The miller's daughter burst into tears. "What am I to do?" she sobbed. "I know nothing about spinning straw into gold. "Suddenly the door flew open and a strange little man danced into the room. He stood before the miller's daughter and said:
Tell me, Tell me, maiden fair, Why are you in such despair?

internal art

     Once again, Helmer closely follows the traditional tale of “Rumpelstiltskin.” A boastful miller brags to a king that his daughter can spin straw into gold. The King calls the miller's bluff, imprisons the maiden in a room filled with straw, and threatens her life if she cannot fulfill his wishes. A distraught young woman is surprised by a strange little man who appears in the room. He agrees to spin the straw into gold for her in return for a "just reward." The girl gives him her necklace.

     When the king sees the room of full of gold, he orders another, larger room of straw to be spun into gold. Again, the young woman cries, and again, the strange man appears and says his little rhyme. The girl gives him a ring, and the man spins the straw into gold.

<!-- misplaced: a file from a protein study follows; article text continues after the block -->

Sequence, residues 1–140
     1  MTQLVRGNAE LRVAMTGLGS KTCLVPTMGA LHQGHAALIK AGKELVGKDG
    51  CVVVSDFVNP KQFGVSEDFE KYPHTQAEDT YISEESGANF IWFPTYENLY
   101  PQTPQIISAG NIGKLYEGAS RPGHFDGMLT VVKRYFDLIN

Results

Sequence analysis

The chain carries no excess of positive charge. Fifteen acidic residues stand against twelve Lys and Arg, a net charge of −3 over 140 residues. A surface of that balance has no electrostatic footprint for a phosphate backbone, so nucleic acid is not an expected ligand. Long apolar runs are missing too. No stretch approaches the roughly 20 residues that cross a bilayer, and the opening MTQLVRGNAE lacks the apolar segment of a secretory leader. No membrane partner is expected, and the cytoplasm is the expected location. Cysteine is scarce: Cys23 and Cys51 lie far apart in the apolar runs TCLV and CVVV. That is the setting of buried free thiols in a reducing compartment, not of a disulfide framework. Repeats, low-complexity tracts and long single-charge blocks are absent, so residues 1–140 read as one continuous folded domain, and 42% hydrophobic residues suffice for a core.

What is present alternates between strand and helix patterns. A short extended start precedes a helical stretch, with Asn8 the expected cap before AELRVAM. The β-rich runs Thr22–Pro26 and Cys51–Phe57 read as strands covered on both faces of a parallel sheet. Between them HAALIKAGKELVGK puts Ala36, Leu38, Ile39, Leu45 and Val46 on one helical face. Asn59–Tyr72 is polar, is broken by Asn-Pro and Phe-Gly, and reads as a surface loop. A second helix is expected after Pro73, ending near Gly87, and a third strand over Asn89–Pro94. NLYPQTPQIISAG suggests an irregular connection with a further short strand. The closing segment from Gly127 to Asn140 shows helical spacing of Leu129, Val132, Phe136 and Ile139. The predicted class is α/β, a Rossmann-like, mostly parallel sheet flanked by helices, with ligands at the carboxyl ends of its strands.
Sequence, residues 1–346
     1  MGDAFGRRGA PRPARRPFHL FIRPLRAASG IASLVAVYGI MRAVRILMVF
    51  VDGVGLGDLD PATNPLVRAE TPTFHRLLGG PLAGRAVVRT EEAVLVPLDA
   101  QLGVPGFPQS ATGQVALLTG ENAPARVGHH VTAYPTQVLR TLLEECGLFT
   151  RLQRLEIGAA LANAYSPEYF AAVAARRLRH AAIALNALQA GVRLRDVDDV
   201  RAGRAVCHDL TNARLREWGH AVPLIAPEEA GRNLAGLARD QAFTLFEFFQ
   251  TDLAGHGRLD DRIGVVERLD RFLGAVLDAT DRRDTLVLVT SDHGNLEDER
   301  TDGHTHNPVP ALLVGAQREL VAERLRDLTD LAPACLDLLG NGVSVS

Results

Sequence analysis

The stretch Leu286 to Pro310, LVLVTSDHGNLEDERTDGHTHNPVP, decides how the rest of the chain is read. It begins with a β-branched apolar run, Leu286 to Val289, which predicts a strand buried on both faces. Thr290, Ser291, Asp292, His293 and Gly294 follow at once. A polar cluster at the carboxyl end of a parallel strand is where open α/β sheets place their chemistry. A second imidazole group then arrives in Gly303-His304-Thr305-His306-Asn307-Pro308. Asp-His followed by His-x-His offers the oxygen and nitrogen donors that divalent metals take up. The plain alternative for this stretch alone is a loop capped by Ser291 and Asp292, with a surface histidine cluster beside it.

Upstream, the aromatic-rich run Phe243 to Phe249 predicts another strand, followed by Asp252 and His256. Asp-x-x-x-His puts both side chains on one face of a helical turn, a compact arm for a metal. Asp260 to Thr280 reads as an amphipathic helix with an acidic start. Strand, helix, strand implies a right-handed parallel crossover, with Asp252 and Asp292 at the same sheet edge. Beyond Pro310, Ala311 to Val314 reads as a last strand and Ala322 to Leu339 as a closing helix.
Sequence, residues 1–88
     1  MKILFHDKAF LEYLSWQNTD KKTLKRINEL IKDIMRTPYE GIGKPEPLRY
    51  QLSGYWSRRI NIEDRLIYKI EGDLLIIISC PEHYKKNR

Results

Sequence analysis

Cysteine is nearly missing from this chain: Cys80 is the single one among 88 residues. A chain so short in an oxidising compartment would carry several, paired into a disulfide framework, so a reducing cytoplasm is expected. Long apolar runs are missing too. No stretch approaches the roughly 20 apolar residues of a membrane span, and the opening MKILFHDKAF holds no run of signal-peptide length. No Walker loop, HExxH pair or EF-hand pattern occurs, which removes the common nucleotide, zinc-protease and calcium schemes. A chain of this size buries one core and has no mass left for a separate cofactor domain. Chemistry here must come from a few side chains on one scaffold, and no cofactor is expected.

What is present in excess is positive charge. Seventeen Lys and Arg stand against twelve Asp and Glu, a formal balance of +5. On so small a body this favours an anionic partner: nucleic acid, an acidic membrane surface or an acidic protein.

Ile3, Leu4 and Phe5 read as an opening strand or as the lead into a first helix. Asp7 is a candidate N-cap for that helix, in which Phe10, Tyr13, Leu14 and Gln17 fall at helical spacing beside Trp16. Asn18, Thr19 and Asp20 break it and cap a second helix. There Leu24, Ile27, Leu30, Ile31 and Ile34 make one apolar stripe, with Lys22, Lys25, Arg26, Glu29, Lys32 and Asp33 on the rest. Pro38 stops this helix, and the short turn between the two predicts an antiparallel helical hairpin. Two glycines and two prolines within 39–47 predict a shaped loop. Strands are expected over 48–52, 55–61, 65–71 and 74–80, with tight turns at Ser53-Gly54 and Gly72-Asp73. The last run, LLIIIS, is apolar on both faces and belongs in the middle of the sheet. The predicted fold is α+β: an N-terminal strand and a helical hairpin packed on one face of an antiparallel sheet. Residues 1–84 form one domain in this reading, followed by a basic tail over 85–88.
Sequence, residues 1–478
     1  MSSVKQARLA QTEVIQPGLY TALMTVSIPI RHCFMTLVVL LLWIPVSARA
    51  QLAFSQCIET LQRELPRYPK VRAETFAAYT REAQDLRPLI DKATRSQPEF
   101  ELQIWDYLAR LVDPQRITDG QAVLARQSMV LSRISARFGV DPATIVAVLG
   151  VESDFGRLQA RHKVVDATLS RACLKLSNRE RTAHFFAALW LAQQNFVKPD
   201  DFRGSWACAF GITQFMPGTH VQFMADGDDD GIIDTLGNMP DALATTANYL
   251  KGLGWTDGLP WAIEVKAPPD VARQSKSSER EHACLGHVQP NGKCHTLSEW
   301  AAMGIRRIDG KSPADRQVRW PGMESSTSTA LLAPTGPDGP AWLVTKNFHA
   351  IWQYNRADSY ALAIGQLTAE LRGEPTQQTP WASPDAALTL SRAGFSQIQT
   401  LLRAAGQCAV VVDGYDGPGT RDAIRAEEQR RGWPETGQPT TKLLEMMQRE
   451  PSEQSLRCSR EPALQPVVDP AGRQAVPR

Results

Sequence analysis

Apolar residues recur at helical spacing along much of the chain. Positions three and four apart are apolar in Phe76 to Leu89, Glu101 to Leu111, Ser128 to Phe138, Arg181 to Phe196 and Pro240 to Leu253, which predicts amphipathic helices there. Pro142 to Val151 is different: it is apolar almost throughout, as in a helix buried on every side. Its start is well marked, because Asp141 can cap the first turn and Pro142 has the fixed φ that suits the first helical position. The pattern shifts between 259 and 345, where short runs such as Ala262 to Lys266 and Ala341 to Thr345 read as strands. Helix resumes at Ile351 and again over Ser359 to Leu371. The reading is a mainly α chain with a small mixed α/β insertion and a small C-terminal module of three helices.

The king, seeing the room of gold, orders an even larger room full of straw to be spun into gold. If she succeeds, the girl will become queen. Again the young woman cries; the strange man appears and says his little rhyme. However, the girl has nothing to give him as a reward. In return for his work, the little man asks for her first born child. As there is no alternative, the young woman agrees. The little man goes to work and spins gold.

     A year later, the woman, who has been made queen, bears a child. The little man appears and demands his "payment." The Queen asks for mercy and offers all the riches of the kingdom if she can keep her child. The little man feels sorry for her and gives the Queen three days to guess his name. The first two days the Queen unsuccessfully guesses. Then, the Queen sends out her servants to learn all the unusual names in the kingdom. One servant returns with the name of "Rumpelstiltskin." When the little man returns on the third day, he is enraged that the Queen has correctly guessed his name. He spins himself into a whirlwind and disappears.